Julie Teigland uses imagery as a powerful tool against abstraction and interchangeability on two levels. First, on the power level, by presenting in her EY role at meetings such as the World Economic Forum (WEF) in Davos or #VivaTech in Paris.
On the other hand, it emotionalizes geal. Examples are their individual Easter or Mother’s Day greetings. She uses aesthetically staged selfies with her family. For these, she receives more than 1,240 and 690 likes, respectively. You plays with personal elements to create closeness. She never crosses the line into the private sphere.
Conclusion: Personal branding pays off measurably for female consultants
No matter whether consultants are extroverts or introverts: Visibility and clear positioning always pay off. Those who rely on role-authentic content and approachability achieve a high level of credibility. And trust – confidence – is a strong currency.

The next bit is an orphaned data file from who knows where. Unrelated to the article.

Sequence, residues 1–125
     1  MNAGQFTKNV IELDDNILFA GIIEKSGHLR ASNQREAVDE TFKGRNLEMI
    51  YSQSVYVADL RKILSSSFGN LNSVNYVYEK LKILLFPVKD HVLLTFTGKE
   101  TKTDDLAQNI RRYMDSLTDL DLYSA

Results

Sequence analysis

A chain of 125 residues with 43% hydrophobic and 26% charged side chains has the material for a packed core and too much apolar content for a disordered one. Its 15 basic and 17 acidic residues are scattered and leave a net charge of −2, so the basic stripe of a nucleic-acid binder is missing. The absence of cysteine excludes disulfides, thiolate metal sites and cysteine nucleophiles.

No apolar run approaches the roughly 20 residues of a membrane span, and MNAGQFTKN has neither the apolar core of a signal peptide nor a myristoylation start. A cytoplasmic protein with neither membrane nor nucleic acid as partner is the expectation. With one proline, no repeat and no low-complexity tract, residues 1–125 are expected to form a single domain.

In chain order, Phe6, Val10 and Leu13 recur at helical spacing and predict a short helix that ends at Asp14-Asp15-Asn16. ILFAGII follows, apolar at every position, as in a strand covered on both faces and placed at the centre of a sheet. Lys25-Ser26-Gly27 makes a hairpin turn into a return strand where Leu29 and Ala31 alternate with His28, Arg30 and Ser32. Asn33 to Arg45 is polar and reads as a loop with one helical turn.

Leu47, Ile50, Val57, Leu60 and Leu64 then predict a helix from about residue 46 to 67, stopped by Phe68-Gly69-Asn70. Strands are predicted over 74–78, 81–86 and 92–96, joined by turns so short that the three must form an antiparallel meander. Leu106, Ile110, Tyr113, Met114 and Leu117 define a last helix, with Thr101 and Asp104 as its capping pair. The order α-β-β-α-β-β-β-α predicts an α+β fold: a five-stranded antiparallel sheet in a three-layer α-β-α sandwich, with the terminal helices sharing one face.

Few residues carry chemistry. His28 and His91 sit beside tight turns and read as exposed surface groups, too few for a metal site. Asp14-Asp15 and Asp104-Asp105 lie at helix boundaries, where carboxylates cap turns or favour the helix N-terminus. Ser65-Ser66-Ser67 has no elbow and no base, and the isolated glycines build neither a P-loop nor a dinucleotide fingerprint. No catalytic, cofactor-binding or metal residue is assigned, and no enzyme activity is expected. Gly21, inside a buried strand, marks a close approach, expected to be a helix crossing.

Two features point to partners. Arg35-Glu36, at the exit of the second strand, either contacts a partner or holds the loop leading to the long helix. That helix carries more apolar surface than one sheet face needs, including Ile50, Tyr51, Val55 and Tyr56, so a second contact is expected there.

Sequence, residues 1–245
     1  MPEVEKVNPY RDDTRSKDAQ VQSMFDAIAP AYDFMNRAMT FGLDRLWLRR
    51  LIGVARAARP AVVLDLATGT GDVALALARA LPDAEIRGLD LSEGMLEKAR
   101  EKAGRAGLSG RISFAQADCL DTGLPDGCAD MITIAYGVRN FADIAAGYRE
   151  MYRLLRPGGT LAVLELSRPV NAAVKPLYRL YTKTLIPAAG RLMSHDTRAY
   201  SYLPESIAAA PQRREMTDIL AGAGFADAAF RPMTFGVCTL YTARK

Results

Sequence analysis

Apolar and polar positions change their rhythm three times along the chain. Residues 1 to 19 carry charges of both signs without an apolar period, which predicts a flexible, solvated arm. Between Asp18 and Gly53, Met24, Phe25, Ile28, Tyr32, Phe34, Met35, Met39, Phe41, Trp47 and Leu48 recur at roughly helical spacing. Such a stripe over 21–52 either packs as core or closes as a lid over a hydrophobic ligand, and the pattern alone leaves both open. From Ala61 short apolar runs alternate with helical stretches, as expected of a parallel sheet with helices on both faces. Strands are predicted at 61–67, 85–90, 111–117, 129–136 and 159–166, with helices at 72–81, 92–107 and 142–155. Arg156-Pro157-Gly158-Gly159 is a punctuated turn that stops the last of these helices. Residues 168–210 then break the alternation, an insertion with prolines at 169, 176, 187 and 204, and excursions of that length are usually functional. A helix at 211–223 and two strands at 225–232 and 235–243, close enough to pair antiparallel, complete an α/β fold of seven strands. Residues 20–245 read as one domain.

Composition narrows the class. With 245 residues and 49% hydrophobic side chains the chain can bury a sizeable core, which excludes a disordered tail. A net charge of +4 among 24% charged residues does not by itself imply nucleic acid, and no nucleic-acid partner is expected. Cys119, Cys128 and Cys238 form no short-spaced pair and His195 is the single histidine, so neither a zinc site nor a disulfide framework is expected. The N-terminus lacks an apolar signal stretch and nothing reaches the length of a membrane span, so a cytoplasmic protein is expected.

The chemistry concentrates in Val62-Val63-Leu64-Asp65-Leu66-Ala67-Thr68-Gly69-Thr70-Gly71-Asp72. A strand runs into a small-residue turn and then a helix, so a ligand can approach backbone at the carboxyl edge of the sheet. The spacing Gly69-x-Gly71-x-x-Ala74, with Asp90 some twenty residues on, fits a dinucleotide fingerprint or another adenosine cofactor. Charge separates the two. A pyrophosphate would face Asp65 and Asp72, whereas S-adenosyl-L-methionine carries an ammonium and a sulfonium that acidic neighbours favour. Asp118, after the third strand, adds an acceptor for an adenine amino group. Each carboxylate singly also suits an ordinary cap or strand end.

Because the “war for talents” in consulting is currently raging so fiercely, now is a good time to start.
If you want to reach the top as a female consultant, you can’t avoid strategic personal branding. Let’s have a call if you need a trusted advisor at your side!
Author: Susanne Mathony
The positioning of brands and people are my passion. For more than two decades, I have lived out my calling with CEO positioning, strategic marketing and communications consulting, PR and business storytelling.
Added in 2014 was the Social Media Consulting. Here, the focus is on #SocialCEO and personal branding and positioning of boards and teams on LinkedIn.My home is Professional Services. At GSA and EMEA level, I worked for AlixPartners, Andersen Consulting (now Accenture), Strategy& as well as Russell Reynolds Associates, among others.
As a political scientist and trained journalist, I started my career at a Washington, D.C., think tank.